TextTwist: an accessible word game

I’ve always been good at word games. There’s something calming about the act of unscrambling a word, then correctly assembling it. It’s not rocket science, but it’s a great distraction. So, I thought I would check out the downloadable version of TextTwist — there’s a free 60 minute trial. The game itself is $20, though there are occasionally free offers for the full version too. The downloadable version is definitely an improvement over the web version as far as accessibility.

TextTwist is simply a word scrambling game, in which you have to assemble words ranging from three to six letters (or seven, in the full version). There is a “twist” button that will rearrange the letters for you, in case a different combination helps. If you get the six or seven letter word, you are permitted to go on to the next round even if you miss other words, but if you don’t get the big word, your game is over. The problem with the web version is that it is timed. You might be able to think of the words in two seconds, but if you can’t move the cursor or type fast enough to actually make the words, this will affect your game score.

The best part about the downloadable version is that you have the option of playing without a clock, giving you unlimited time to both find and input the words. Another useful feature is the “last word” button, particularly for entering plurals of words you already have. For example, if you’ve entered C-A-R, you don’t have to spell out “cars” for your next word — just click “last word,” and all you have to input is the S. There is also a dictionary feature, so that if a word turns up that you don’t know, you can get the definition. This could also be good for those with learning disabilities.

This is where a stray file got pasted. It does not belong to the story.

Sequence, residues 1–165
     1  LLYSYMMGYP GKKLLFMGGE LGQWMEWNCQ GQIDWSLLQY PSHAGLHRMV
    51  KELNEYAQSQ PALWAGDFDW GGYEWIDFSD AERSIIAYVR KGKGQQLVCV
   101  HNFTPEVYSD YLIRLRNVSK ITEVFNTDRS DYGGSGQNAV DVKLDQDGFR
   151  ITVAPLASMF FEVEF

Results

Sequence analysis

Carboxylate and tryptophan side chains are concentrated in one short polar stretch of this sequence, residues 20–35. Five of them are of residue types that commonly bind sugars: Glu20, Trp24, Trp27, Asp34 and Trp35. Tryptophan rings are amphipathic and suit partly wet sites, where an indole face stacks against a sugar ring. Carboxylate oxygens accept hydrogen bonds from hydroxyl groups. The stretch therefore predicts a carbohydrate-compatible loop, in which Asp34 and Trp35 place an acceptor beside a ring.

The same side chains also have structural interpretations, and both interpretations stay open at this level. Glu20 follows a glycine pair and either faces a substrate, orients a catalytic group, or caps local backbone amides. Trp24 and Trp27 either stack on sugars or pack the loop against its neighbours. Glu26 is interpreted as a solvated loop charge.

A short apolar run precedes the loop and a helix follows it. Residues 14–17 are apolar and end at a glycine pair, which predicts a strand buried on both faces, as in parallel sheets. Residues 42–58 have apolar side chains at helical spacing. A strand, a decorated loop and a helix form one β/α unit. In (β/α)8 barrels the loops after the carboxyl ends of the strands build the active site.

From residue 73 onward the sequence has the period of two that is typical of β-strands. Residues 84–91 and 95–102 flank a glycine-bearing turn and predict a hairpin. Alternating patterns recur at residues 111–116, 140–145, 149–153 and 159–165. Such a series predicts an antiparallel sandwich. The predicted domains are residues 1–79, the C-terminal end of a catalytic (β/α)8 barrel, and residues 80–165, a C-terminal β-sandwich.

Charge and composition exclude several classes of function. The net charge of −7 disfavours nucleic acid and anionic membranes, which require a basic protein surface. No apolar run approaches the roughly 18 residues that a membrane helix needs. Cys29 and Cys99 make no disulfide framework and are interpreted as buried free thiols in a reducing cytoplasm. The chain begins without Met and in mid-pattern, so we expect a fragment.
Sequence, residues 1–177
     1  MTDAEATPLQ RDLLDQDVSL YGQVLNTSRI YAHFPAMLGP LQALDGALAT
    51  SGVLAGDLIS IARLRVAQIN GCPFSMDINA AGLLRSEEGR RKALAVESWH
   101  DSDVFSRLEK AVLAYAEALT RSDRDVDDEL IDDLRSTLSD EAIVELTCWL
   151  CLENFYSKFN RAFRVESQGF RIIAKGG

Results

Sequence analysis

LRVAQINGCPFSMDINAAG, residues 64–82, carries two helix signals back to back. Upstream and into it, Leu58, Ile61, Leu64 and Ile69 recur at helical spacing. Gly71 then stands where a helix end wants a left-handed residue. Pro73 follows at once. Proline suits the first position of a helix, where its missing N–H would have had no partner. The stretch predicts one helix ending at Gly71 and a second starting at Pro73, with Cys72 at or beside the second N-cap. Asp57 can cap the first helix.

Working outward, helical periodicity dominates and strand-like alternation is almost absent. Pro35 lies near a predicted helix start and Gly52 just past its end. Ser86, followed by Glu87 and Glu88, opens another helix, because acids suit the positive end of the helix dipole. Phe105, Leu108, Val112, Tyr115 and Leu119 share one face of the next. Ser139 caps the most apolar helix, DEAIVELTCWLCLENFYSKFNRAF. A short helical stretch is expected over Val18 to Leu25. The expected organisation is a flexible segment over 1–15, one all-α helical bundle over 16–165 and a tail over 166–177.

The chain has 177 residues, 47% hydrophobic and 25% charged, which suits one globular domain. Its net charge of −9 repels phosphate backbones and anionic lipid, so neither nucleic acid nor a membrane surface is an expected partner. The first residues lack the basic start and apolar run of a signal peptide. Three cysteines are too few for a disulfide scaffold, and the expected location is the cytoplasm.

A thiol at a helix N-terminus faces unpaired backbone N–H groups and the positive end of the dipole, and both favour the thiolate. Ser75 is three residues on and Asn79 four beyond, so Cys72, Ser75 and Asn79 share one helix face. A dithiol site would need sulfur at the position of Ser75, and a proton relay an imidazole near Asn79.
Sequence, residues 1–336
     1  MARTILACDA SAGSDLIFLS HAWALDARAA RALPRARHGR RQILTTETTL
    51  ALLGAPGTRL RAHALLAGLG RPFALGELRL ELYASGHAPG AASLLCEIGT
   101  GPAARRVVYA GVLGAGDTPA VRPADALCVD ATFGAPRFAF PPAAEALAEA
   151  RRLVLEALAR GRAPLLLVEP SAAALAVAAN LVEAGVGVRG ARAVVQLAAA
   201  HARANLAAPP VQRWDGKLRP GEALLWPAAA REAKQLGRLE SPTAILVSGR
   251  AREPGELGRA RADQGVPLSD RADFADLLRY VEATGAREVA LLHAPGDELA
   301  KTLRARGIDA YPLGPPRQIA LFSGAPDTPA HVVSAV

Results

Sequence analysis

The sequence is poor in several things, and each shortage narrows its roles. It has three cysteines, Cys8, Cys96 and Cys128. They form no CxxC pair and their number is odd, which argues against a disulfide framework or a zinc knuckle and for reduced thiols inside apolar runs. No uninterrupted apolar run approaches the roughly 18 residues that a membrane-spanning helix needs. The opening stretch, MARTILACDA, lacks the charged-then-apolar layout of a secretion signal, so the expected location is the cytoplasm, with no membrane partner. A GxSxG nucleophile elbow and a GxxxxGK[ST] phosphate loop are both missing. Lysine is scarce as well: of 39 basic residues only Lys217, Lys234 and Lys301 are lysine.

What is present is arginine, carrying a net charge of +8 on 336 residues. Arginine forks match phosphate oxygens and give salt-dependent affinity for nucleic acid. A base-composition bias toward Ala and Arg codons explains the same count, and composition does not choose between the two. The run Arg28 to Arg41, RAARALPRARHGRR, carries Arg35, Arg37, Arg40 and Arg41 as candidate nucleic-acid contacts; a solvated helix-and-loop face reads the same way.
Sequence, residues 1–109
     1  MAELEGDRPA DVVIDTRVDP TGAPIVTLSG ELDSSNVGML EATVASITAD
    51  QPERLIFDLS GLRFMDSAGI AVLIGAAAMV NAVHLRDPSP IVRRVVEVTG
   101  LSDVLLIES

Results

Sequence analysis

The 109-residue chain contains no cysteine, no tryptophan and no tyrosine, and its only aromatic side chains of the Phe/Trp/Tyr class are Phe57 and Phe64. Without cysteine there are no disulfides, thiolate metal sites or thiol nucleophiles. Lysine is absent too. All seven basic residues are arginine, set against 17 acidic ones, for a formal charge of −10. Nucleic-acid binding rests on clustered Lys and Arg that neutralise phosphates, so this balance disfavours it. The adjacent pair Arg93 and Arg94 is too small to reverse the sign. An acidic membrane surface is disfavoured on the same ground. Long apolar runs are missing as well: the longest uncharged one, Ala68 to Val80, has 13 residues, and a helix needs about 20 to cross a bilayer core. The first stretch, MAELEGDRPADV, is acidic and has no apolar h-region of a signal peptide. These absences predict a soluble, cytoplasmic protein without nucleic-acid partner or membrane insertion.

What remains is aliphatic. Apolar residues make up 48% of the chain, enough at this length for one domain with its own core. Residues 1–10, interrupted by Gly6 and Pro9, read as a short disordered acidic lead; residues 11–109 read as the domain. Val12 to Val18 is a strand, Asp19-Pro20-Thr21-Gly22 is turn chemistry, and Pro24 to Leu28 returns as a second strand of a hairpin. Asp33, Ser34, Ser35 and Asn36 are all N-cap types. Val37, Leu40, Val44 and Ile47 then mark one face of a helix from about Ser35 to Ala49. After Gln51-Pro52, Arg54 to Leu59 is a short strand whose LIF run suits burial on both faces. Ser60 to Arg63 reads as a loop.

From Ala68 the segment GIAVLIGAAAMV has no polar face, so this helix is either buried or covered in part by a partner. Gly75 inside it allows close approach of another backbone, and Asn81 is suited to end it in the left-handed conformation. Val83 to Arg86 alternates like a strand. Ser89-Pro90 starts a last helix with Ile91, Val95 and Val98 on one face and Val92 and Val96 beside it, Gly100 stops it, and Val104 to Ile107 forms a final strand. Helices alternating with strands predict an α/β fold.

The best way to play this game is with a pointing device, dwell clicking if necessary. (Dwell clicking is another reason the downloadable version is a better idea. In the downloadable version, you don’t have to worry about accidentally clicking on pop-ups or ad links if you get a tremor or something.) I say that simply because it’s little faster, but Mouse Keys will also work. So will the mouse commands for Dragon NaturallySpeaking. Keyboard accessibility is mixed. You can use the letter keys and press Enter to input the words, and press Space to twist the letters. However, to click buttons such as “clear” or “last word,” you still need to move the cursor to the button and click it, which is a minor annoyance. All in all, though, TextTwist makes for a relaxing, if perhaps slower, distraction. You can download the game from http://get.games.yahoo.com/proddesc?gamekey=texttwist. If you don’t like toolbars, make sure you uncheck the box for the Yahoo toolbar during the installation if you don’t want it. Happy twisting.

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